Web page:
Nobody benefited from the shocking outcome of the 2016 presidential election more than Steve Bannon, the firebrand alt-right figure who parlayed his oversight of Donald Trump’s campaign into a short-lived run as the president’s senior advisor. In Errol Morris’ “American Dharma,” the filmmaker confronts Bannon about his dramatic rise, and the terrifying connotations of what it might portend for America’s future.
The movie premiered last fall at the Venice International Film Festival, and ended 2018 without U.S. distribution, landing a spot on IndieWire’s list of the best undistributed movies of the year. Now, new distributor Utopia has picked up “American Dharma” for release on November 1, and has premiered the trailer exclusively with IndieWire.
In “American Dharma,” Morris talks to Bannon about how he exploited far-right sensibilities in an evolving online ecosystem, first in his top role at Breitbart News and later with Trump, until the president dismissed him several months into his administration. Bannon also talks about the way classic films inform his worldview, from “The Searchers” to “Bridge Over the River Kwai,” as well as his side career as a propaganda filmmaker inspired by no less than Morris’ own “The Fog of War.” Much of the movie unfolds in a dreary bunker-like studio — actually an old airplane hanger — where Morris confronts Bannon about the xenophobia of his perspective and explains why he finds the alt-right movement that Bannon represents so unsettling. Morris accentuates Bannon’s apocalyptic pronouncements with a fiery cinematic conclusion.
In an interview with IndieWire last October, Morris expressed his frustration over backlash to the documentary, which largely involved questions of whether the filmmaker should have sat down with Bannon in the first place. “I could never imagine that people would say I was promoting Stephen K. Bannon or endorsing his views. That’s a surprise,” he said. “The ethics thing, to me, is not a terribly interesting argument. Sorry.” Instead, Morris said he was keen on clarifying the forces behind Trump’s election. “I felt it was horrible, what’s gone wrong in this country,” he said. “I see all the craziness afoot. I wanted to weigh in. Who are these characters?”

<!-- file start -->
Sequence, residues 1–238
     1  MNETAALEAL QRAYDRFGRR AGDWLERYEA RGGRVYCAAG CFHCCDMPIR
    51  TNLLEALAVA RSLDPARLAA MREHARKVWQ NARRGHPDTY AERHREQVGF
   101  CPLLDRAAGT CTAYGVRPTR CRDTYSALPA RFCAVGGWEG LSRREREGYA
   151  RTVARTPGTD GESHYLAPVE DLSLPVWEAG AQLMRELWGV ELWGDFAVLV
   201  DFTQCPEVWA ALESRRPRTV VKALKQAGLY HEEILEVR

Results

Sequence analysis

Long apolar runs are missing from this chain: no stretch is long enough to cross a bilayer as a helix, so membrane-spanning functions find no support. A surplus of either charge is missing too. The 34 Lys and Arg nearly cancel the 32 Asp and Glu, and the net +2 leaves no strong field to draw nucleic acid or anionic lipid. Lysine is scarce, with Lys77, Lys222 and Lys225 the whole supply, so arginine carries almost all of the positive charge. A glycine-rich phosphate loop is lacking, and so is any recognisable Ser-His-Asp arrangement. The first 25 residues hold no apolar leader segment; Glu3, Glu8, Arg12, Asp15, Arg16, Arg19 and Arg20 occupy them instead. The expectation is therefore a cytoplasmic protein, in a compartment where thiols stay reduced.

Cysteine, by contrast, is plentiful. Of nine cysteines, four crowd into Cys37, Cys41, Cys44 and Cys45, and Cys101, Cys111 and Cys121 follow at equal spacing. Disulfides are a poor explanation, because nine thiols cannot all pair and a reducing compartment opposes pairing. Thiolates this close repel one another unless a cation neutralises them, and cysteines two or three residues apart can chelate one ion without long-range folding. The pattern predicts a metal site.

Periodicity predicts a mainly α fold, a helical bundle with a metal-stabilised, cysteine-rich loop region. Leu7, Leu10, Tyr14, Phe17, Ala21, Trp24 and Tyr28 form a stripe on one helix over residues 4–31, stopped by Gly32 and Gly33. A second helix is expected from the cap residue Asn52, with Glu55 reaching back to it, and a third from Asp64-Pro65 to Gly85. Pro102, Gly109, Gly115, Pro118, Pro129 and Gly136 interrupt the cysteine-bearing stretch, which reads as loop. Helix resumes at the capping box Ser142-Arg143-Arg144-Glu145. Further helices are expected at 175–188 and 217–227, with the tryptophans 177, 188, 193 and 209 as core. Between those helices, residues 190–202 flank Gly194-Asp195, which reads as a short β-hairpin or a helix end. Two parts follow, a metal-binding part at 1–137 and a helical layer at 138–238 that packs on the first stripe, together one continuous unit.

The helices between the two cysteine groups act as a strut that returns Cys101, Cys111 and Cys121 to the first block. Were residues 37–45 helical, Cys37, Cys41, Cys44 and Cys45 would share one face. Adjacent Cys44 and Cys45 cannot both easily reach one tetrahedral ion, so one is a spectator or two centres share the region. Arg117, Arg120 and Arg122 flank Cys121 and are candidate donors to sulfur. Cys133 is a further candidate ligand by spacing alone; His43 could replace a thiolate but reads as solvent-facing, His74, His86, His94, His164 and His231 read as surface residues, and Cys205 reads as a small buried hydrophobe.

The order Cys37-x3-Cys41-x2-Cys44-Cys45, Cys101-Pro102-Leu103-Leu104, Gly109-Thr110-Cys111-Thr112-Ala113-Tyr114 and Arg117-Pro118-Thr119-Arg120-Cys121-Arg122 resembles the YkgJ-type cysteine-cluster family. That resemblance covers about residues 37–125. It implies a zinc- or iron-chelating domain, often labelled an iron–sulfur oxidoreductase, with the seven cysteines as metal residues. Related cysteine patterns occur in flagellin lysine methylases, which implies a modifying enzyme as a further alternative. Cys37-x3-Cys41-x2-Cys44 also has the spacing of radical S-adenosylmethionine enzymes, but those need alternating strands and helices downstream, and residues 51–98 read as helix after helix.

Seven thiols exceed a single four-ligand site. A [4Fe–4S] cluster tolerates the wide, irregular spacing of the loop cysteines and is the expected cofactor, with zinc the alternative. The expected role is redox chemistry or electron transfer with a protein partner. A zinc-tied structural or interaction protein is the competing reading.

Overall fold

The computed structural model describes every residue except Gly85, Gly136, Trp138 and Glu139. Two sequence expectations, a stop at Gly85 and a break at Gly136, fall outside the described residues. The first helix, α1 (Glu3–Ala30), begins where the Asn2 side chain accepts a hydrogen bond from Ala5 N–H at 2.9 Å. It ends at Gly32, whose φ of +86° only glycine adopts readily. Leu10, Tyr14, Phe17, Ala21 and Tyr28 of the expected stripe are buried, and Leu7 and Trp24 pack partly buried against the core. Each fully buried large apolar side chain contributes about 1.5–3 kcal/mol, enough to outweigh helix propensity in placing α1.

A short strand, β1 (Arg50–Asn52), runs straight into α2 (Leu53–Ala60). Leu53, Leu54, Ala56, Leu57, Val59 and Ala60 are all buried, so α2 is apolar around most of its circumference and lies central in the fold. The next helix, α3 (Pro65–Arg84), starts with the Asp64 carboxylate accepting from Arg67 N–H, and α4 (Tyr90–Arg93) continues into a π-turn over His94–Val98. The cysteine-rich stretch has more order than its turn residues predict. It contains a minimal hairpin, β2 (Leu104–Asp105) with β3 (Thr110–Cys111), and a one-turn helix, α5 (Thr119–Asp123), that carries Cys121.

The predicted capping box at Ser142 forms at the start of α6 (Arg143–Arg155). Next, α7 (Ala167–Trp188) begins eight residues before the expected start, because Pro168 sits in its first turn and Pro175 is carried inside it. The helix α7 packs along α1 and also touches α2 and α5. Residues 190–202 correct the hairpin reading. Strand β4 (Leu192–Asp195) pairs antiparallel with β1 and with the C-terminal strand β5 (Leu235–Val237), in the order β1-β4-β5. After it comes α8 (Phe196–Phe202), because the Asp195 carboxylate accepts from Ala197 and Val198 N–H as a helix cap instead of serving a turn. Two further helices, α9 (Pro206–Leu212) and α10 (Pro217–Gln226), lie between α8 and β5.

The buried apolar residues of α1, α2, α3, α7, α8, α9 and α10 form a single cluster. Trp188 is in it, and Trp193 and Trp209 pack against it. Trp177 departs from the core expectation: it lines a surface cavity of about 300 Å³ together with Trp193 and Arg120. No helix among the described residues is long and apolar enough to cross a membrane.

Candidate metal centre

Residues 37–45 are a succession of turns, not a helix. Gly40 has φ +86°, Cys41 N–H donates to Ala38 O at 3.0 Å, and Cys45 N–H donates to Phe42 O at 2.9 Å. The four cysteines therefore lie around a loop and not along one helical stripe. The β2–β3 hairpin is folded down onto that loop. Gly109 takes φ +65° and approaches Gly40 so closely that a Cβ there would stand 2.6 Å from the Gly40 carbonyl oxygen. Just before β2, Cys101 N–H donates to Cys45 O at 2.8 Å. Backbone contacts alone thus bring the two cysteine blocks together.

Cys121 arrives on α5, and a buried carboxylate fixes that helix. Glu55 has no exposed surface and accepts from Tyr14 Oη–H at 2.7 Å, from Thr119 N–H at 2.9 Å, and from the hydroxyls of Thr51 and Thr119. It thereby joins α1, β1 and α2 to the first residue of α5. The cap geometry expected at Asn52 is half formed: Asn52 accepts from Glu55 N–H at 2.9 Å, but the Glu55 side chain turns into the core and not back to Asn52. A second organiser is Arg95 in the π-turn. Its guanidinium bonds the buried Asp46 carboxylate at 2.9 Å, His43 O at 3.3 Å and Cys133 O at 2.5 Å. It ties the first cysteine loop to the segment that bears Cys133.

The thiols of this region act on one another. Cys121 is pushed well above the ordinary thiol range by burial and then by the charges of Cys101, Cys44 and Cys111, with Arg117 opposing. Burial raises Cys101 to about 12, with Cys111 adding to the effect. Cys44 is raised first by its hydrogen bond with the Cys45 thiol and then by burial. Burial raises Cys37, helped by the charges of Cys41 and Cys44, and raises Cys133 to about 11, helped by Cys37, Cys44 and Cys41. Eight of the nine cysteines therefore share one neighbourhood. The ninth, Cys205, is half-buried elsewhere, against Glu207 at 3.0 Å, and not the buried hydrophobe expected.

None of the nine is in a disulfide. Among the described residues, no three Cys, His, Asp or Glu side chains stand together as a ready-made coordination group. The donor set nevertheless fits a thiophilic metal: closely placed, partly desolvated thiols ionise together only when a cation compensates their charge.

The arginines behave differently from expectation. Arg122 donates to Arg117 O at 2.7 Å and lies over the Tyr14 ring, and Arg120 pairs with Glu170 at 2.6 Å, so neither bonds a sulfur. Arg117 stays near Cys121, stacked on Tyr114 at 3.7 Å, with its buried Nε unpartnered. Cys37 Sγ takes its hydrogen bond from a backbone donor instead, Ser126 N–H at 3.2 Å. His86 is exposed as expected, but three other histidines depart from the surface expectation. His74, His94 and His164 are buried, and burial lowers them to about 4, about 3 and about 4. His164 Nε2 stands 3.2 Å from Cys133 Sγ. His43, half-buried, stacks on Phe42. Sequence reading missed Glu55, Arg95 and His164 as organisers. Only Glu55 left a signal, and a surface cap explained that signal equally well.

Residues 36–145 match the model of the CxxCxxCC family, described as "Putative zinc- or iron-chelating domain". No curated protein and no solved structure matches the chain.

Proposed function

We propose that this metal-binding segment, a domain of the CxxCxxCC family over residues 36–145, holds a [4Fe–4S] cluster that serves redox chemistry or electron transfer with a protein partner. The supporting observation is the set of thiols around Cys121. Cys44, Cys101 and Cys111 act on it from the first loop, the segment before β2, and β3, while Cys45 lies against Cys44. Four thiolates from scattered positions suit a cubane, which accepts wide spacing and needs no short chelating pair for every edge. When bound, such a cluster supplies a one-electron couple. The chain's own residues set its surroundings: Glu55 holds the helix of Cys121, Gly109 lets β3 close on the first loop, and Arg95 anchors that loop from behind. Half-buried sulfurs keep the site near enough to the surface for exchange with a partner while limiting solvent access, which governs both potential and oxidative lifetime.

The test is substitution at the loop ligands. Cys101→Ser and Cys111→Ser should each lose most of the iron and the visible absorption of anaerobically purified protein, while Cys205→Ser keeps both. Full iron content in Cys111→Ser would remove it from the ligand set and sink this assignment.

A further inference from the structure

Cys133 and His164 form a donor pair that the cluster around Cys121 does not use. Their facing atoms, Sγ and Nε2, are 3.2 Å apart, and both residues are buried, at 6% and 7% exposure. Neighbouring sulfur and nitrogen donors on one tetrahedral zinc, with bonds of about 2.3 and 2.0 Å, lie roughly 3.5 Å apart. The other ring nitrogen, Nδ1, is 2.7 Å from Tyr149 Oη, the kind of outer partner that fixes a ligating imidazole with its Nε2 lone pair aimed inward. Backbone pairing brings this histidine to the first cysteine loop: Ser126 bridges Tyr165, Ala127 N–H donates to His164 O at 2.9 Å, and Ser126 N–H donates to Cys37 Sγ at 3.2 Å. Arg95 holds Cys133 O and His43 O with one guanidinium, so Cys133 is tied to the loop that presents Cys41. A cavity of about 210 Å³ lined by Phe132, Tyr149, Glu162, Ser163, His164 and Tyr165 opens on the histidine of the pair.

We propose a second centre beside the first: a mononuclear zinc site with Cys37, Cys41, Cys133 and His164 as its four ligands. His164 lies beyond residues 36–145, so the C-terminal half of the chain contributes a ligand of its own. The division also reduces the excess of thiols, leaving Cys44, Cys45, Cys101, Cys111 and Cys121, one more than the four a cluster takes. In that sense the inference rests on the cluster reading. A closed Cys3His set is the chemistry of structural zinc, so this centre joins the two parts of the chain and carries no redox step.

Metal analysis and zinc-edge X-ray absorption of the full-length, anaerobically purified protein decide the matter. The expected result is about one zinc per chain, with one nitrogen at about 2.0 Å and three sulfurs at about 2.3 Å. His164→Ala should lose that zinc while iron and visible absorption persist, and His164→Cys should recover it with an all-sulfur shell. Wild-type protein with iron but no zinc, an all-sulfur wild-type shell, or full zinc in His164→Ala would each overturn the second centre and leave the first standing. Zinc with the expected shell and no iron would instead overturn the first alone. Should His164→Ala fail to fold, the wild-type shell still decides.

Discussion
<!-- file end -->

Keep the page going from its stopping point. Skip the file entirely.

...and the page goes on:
Morris confronts Bannon about his chaotic impact on American society. “Do you just want to destroy everything?” he asks him in the trailer.
“American Dharma” provides a striking contrast to “The Brink,” Alison Klayman’s portrait of Bannon that opened earlier this year. While that movie tracks Bannon’s crippling losses as his party loses ground in the 2018 midterms, “American Dharma” provides a more alarming window into Bannon’s philosophies. In the trailer, Morris quotes John Milton’s “Paradise Lost,” beginning with the quote that it’s “Better to reign in Hell…” and Bannon finishes it: ‘Than serve in Heaven.’ Love that line.”
Watch the trailer above. “American Dharma” opens in limited release on November 1.